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QLD Defamation - Comments in Email to Body Corporate?

Discussion in 'Defamation Law Forum' started by roses.13, 28 August 2014.

  1. roses.13

    roses.13 Member

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    Hi. I have an investment property, a unit, in Queensland, run by Body Corporate. I sent an email to committee members voicing my concerns about the onsite manager obtaining a contractor (a painter) whose licence was cancelled. I basically blamed the onsite manager and the Strata Managers for not following this up. The Strata Manager was sent this email by one of the committee members. The Strata Manager now has threatened to sue me for defamation if I continue to make further 'defamatory' comments. Can he sue me for making that comment?

    I now know that strata managers roles vary from State to State. I presumed that was their job.
     
  2. John R

    John R Well-Known Member

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    Hi @roses.13
    If the alleged defamatory comments that you made were "substantially true", then the "Justification" defence under the Defamation Act 2005 (Qld) may be available to you if the Strata Manager actually proceeds with his threat. The QPILCH Defamation Factsheet further explains the Justification defence.

    Hope this helps. Please keep us updated with your progress.
     
  3. roses.13

    roses.13 Member

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    Hi John

    Thank you for your response. But the comment was made to the committee about the strata managers not directly to the strata manager. He will not proceed with the threat as I am not going to be in contact with him any further, I just have to watch how I word my emails and not mention their organisation. In two years time I will get the Body Corporate to terminate his services when it's up for renewal. Thank you again.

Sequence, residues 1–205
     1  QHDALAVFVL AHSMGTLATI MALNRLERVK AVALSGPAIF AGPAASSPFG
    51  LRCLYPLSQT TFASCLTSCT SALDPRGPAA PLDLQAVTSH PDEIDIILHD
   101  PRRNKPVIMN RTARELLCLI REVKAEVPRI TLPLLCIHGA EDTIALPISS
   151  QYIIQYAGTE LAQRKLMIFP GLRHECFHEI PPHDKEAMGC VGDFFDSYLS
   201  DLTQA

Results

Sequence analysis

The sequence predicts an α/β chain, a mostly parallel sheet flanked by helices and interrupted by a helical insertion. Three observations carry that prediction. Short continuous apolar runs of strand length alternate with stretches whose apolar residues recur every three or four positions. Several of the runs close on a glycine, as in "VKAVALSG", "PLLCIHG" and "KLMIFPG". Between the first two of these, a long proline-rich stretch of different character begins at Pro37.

Roses.13.
     
  4. John R

    John R Well-Known Member

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    Hi @roses.13
    Yes - I understand that the statement was made to the Committee and not directly to the Strata Manager because defamation generally only applies where a defamatory statement is communicated by someone to a third-party about someone else. The "Justification" defence and other defences still apply.
     
  5. roses.13

    roses.13 Member

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    thank you
     
  6. Lot Owner

    Lot Owner Member

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    How can you avoid a Defamation claim if you it "only applies where a defamatory statement is communicated by someone to a third-party about someone else" (John R) if the correspondence (for example, a request that is substantiated by personal opinion and facts) needs to go through a Body Corporate Manager, who takes offense, and subsequently claims for Defamation by publishing injurious material to the Body Corporate?
     
  7. Sophea

    Sophea Well-Known Member

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    Dear Roses.13,

    What John R means is, there is no defamation action unless you communicate the defamatory remark to someone other than the defendant (the person seeking to sue you for defamation). The whole point of a defamation action is to provide compensation to people who suffer loss through an damaged reputation as a result of defamatory remarks being communicated to other people.

    However if you are making frank remarks about an individual for the purposes of carrying on a business and no malice is involved you can rely on the defences of "truth" and "qualified privilege". Truth applies where you can prove that what you have communicated (i.e. the defamatory remark) is in fact true. "Qualified privilege" recognises certain situations in which it is in the interests of society that people are able to communicate frankly with each other without fear of being sued for defamation. This applies where statements are made to further a legitimate common interest, for example communications between committee members concerning the committee’s work.
     

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